My world choice (actually, European choice) would be the 4 TEE trains that operated in to/out of Gare Austerlitz in Paris: Aquitaine & L'Etandard (to Bordeaux), and the 2 Capitoles (du matin and du soir - to Toulouse). Of all the TEE equipment that I have experienced, these were the best. (These were NOT the Budd-like trains that operated north to Brussels or south-east to Nice.) And, nobody in Europe knew how to operate a dining service like the French. And, for 360 miles in 4 hours and 5 minutes from Paris to Bordeaux, you couldn't beat this equipment's riding qualities. Just superb!
  by Ocala Mike
I agree with this exacta: The all-pullman Century/Super Chief.

Once upon a time the brightest stars of Hollywood and Broadway actually spent 3 days going coast-to-coast on that combination, and the two trains' respective schedules were meshed for that trip. Always had to change in Chicago, though!

By the way, I now realize that the official name of the train is the "20th Century Limited"; never "Twentieth" spelled out, like I had.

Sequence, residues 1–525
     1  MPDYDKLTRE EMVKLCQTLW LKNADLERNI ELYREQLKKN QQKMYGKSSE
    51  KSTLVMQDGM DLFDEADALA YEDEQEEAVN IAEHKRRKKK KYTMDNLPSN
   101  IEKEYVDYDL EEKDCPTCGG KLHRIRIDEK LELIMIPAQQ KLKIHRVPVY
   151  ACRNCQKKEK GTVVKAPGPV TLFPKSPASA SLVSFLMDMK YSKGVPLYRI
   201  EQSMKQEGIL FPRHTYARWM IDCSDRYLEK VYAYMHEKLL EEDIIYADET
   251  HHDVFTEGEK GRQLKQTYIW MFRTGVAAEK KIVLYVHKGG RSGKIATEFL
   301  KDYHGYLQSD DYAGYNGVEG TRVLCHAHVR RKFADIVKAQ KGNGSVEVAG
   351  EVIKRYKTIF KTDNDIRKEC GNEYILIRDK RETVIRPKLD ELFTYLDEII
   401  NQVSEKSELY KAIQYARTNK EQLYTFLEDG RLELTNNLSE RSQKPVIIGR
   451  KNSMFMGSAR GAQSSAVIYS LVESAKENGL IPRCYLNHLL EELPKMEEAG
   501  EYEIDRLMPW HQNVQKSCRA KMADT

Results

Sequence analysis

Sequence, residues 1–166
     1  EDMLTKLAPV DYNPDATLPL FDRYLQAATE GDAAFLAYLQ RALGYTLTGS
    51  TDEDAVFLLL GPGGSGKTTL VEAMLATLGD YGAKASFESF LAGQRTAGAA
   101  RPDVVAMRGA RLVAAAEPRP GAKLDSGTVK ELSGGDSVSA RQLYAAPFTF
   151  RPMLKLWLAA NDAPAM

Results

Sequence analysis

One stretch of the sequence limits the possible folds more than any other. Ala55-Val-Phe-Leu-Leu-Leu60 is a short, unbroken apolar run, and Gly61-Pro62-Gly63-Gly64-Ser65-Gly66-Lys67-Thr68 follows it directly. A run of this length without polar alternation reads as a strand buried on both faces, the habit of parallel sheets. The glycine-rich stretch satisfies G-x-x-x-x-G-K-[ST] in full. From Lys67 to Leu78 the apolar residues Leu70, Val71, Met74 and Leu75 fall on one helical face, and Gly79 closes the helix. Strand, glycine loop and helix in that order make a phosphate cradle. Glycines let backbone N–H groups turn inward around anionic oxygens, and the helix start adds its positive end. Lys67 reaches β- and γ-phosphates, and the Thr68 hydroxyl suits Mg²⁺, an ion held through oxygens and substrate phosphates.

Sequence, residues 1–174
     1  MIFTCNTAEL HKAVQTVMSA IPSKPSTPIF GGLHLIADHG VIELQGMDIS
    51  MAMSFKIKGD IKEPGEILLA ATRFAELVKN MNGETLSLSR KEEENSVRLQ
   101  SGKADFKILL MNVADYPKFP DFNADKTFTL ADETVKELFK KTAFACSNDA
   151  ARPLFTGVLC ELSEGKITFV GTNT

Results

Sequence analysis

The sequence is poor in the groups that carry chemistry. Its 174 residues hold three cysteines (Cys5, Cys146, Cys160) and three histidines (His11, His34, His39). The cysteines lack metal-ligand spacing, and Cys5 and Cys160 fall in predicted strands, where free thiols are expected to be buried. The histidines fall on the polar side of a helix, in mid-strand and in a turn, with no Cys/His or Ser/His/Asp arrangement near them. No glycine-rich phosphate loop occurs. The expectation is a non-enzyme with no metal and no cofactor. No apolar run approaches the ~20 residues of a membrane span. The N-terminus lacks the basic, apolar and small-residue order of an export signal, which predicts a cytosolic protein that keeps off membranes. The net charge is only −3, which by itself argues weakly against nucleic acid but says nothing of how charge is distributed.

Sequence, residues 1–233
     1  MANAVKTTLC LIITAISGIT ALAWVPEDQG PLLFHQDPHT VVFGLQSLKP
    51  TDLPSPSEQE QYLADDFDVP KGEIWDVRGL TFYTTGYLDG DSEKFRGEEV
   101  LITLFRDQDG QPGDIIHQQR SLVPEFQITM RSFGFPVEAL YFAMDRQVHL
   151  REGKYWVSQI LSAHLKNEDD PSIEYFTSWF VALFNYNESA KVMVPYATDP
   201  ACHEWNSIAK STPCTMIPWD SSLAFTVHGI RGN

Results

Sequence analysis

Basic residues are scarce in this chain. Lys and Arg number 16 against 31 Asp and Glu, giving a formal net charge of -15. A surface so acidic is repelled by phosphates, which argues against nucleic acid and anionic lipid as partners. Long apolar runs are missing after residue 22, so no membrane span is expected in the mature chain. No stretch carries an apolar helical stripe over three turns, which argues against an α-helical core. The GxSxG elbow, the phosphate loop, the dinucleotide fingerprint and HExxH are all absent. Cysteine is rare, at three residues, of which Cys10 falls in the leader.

Ocala Mike

  by pennsy
Hi All,

Depends on what you consider to be the best.

For the US, I would start off with the Super Chief, California Zephyr, and segue into some of the other Santa Fe and the Union Pacific luxury streamliners. Today the American Orient Express would be up there.

For Europe, the Orient Express is worth mentioning. I have also heard some good things about the long distance Russian trains. Depends on how much Vodka you like to drink. I would imagine that after a goodly number of shots of Vodka, the train would be the best in the world. In any event, lot to be said about first class in Europe.

  by the sarge
I knew an old porter who worked the 20th Century over a 20 year span. The most surprising thing he told me was why the train would make an unofficial scheduled stop north of Grand Central and another outside Chicago. Anybody willing to guess the reason for these two stops? Hint-it has nothing to do with engine changes or actual railroad operations.

I have relatives who rode many trains in the 40’s and 50’s and few in the 30’s all around the country and I picked their brains pretty good through the years. Surprising to me, the Union Pacific was very high on all of their lists.